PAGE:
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weapons' program, now this. >> we have a very big problem in north korea. as i said, i really think that china is going to try very hard and has already started. >> so what changed? >> i have really gotten to like and respect, as you know, president chi is terrific person, spent a lot of time together in florida and he's a very special man. >> reporter: the new daytime has appeared to started in the confines of mar-a-lago at the first in person meeting between trump and the chinese president. he said talking with him helped change his mind on china's ability to handle north korea. after listening for ten minutes, i realize it's not so easy. trump went on to praise china for banning north korea coal imports, a move china made back in february. >> the vast amount of coal that comes out of north korea going to china, they've turned back
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the boats. >> reporter: the apparent ability to connect with donald trump is unexpected if not remarkable given that both men appear to be polar opposites. one is the new york seeking, another scripted leader who has never given a face to face interview as president, someone who steadily rose through china's communist party ranks consolidating power in a way not seen here. speeches like this one at the world economic forum helps give him the hair of international statesman, the economic forced many a world leader to pay h-- there are signs it won't last. trump's strike against syria and threats of military action have alarmed china. he called trump this week asking
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for a peaceful solution to the crisis. china's total trade volume with north korea is up nearly 40% in 2017, figures sure not to sit well with the trump administration. but a nuclear north korea appears to have bridged the divide for now, two different leaders with butting cooperation over a common threat. but the ability of this newfound cooperation to continue, i think, largely depends on how the united states under the trump administration are going to react to north korea moving forward. i think you can depend on the chinese to remain consistent in their position. if the trump administration decides to launch some sort of military strike, that could put a serious dent in the ability of the yiet aunited states and the chinese to cooperate. back to you. now to turkey, the nation's president has claimed a narrow victory in sunday's bitterly fought referendum. it gives him new sweeping power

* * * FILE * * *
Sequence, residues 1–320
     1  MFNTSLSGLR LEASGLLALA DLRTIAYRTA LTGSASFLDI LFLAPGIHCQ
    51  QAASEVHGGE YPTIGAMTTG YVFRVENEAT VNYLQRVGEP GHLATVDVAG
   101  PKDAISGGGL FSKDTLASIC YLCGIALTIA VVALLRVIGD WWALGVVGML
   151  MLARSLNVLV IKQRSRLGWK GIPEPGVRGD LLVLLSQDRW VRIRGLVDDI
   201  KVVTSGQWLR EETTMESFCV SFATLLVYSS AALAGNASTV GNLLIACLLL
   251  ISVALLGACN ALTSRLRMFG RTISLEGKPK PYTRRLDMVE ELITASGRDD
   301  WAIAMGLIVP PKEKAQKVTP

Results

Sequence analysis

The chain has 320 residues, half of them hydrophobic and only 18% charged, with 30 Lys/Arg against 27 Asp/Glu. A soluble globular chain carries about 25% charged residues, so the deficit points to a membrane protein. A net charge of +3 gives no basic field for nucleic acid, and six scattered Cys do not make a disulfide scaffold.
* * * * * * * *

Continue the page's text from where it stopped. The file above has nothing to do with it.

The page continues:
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that already caused upset about, the results mr. erdogan is promising a new era. >> from tomorrow onwards, instead of losing time with unnecessary the discussions. it's -- it will be beneficial to focus on the new era and changes and i invite everyone to respect our nations' decisions. the other countries, especially, those we consider as our allies should respect our sensitivities, especially, in respect of our approach against fighting with terror. >> the opposition party, chp says, it will contest at least a third of the ballots because of suspected voter tampering. joins us now from instanbul. he is the middle east correspondent. it's good to have you with us this hour, sir.
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let's talk more about what this means for the president in the coming years, essentially, more power that he says will bring stability to the nation. what's your feeling on that? >> well, i think that it could bring stability to the country, at least some version of stability. but the narrowness of his victory is really not a good sign for stability. it would have been almost better if he had won much more decisively than the opposition could at least assure themselves that a huge majority of the country agrees with these new changes, but the narrowness of the victory creates formula for strife and resentment and real opposition to these changes in the coming months and years. >> essentially, you're saying that it makes a more divided turkey, yes. >> absolutely. i mean, turkey is already been very very polarized in recent
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years between supporters of erdogan and his opponents and this exacerbates those difficulties and tensions and one former u.s. official i spoke to said that it would likely increase the possibility of some kind of political violence yet another mention is putting it off and the threat of isis. >> help to put this both into context for us. just over a year ago there was the failed coup attempt and then following that claims that president erdogan jailed many of his opponents following what happened. did this help to pave the way to where we are right now? >> reporter: well, it's tough to say. rerks erdogan and the justice development, the party have been opining for these changes for some time. in many ways some of the proposals and amendments that have been put into place are rather uncontroversial they've been floating around for